On this great day in the life of the Church, Teresa helps us consider how the Lord permits himself to be bound by our love.  It is love that makes our prayer authentic, God's love at work in us that brings into harmony what we say and what we do.  If however our efforts to repeat what the Lord has told us to say move in our hearts in even the most subtle of ways, it is only because the Holy Spirit used our frail efforts to blow new life in us.  This is the Kingdom of Heaven that the wisdom of Saint Teresa of Avila sees coming, and today, on the threshold of Holy Week, may we all come to see it too!

For more on this Doctor of the Church, I recently published a book with Dan Burke that provides meditations on a selection of Teresa of Avila's letters, 30 Days with Teresa of Avila through Emmaus Publishing. 

March 5, 2015

The Gravity of the Father's Love in Heaven and on Earth

The Lord taught us to call on our heavenly Father not because God is distant or inaccessible, but because the Father is awaiting for us with love. This means that heaven is near and dawning on us even now.   This means that we are the objects of a particular joy, a special and un-repeatable delight that has lived in the Heart of God from the beginning. He respects our freedom but no power from above or below can thwart the hidden purpose of His exceeding love. He is making His will on Earth as it is in Heaven.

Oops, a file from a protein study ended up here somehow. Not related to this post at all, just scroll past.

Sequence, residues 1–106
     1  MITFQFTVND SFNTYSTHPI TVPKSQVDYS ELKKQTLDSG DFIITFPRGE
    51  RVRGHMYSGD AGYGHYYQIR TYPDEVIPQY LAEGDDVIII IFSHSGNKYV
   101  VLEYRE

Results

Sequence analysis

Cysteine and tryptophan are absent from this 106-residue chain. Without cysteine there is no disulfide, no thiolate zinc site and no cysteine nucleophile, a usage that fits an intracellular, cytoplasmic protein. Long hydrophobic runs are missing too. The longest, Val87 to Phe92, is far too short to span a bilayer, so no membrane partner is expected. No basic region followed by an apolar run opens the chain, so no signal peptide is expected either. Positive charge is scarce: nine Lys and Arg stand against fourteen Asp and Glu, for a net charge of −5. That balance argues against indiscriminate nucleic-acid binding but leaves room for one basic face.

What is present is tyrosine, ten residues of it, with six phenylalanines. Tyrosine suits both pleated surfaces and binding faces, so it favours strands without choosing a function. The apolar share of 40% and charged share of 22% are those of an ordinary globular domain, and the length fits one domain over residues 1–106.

The Lord's prayer reveals that the Father Himself is not passive or absent, that heaven itself is not indifferent to our struggles here below. Similarly, the Lord's prayer has nothing to do with spiritualizing away the painful ambiguity of life.  Even when overwhelmed with crushing hardships and painful sorrows, even when our dreams are dashed to pieces and we feel left in total darkness, it is not escapism to remember that our present problems do not have an ultimate claim on us. Instead, we see our hardships in a broader context, a difficult but brief moment in a beautiful story that is raising us on high.